Saving a DTS package to a Visual Basic file allows the DTS package to be edited using Visual Basic or Visual C++. This allows developers to incorporate DTS packages into Visual Basic programs or used as prototypes to reference the components of the DTS object model. A DTS package saved as a Visual Basic file cannot be reopened and edited with DTS Designer.
DTS provides two command-prompt package execution utilities: the DTS Run utility and the Dtsrun command. Using either of these utilities, a user can execute a DTS package without opening it. If the DTS package was saved using an owner or a user password, you must provide the appropriate password. If the DTS package was saved to a structured file, you must specify the filename. If the DTS package was saved to SQL Server, you must specify connection information to the SQL Server instance containing the DTS package.
The DTS Run Utility is an interactive utility that allows you to connect to a server or specify a file, specify scheduling options, identify and enable an event log, add new global variables and change the properties of existing variables, and create a Dtsrun command with either clear or encrypted arguments for later use. To access the DTS Run utility, execute Dtsrunui from a command prompt.
The Dtsrun command allows you to run a DTS package from a command prompt using arguments and embed this command in a batch file. For example, to execute the DTS package named MyPackage saved to C:\DTSPackages\DTS1.dts with an owner password of Password, you would type the following command:
dtsrun /FC:\DTSPackages\DTS1.dts /NMyPackage /MPassword
DTS records information about the success or failure of each step in the execution of a package in the DTS package log. This includes start and end times for each step and the length of execution. If a step was not run, this is also recorded. Package logging occurs only when SQL Server 2000 is running on a Windows 2000 server. DTS also uses DTS exception files to save error information about rows of data that were not copied and to save the actual source and destination rows that failed.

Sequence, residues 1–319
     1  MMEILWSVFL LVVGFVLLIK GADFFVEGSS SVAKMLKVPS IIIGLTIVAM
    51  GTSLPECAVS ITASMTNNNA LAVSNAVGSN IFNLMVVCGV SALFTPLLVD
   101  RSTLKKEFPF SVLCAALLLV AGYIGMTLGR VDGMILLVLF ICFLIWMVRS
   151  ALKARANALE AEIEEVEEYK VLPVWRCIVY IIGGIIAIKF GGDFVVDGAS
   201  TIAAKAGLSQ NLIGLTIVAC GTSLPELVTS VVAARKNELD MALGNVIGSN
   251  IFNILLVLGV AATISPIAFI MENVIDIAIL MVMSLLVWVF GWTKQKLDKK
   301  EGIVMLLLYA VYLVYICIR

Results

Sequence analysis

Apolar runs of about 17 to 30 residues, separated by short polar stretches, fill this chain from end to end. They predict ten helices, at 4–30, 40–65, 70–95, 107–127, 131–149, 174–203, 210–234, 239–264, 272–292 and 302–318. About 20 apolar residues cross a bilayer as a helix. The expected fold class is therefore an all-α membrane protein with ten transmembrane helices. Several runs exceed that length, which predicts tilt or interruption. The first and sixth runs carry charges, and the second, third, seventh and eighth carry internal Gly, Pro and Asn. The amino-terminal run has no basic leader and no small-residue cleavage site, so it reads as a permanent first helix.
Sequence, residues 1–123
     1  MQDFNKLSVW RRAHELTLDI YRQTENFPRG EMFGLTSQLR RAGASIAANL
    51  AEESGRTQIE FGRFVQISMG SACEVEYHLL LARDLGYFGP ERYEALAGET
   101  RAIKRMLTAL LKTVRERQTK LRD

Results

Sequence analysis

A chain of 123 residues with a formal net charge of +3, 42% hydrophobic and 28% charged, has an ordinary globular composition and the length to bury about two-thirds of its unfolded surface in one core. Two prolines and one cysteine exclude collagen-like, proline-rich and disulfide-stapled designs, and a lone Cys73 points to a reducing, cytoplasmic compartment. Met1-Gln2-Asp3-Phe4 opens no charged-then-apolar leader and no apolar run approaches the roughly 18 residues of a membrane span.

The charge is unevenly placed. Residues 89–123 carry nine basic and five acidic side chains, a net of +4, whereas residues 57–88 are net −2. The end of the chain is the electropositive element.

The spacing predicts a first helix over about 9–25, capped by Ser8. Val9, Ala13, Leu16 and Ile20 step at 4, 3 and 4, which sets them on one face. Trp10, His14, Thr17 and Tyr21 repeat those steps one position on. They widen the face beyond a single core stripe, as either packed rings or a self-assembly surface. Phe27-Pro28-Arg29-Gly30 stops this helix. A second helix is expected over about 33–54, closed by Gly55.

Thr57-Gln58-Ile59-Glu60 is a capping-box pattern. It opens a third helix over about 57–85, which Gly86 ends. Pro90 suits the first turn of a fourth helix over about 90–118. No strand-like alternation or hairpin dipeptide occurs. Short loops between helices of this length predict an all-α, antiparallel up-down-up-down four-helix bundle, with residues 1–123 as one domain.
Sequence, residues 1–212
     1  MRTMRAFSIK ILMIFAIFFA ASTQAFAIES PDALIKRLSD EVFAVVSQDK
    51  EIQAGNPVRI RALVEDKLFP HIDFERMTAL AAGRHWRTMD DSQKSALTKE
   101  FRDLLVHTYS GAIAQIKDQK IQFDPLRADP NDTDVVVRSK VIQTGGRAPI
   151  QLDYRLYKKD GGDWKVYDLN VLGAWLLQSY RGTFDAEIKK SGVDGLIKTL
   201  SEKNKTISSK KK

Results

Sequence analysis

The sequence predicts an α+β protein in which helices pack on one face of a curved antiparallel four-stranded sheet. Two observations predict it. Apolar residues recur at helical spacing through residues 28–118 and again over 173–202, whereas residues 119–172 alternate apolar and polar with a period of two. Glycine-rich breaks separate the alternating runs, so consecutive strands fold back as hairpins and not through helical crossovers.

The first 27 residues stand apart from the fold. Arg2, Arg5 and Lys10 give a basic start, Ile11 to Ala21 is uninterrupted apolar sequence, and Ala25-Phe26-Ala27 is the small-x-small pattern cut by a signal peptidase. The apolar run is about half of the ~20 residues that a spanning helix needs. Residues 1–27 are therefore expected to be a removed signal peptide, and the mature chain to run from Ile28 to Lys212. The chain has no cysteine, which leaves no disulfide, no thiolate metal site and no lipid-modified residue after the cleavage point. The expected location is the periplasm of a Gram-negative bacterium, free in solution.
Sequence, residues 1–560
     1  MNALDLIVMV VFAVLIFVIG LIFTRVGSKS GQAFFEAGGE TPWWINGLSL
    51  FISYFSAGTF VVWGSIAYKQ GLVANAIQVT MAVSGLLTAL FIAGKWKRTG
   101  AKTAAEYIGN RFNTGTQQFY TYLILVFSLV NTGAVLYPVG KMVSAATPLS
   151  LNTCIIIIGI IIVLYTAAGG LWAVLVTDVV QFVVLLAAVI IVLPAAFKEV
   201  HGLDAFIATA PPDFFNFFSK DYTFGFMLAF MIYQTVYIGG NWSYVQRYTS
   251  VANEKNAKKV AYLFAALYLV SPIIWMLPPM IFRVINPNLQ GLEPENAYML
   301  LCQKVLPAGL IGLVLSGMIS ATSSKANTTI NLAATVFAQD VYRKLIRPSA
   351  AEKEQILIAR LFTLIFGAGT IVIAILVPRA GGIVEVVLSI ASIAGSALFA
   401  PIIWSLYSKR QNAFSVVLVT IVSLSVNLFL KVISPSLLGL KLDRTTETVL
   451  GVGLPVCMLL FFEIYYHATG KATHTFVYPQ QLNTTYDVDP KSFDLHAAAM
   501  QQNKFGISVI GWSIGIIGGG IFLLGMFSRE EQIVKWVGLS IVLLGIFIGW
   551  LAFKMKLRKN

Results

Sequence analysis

You can use DTS Designer to open and edit an existing DTS package. Normally, connectivity to each data source and destination is required to protect against setting invalid properties. However, sometimes those connections are not available. DTS Designer contains a Disconnected Edit feature that allows you to modify a DTS package when you cannot connect to the original data sources and destinations (such as a DTS package created on a test system for use on a production system in a different site). You can also use this feature to view and modify properties that are not exposed through DTS Designer (such as task names, step names, and connection names).
DTS packages can be stored in several different ways. Storing a DTS package either in SQL Server 2000 or in a structured storage file allows you to set a user password as well as an owner password. This allows a user to run a DTS package from a command prompt using one of the DTS package execution utilities without being able to view or edit the package. However, storing a DTS package using SQL Server Meta Data Services allows extensive row-level and column-level tracking of data lineage and transformation meta data information. This is particularly useful when data is being imported and transformed from a wide variety of sources. Finally, DTS Designer provides the Disconnected Edit feature, which allows you to edit a DTS package when the underlying data connections are unavailable.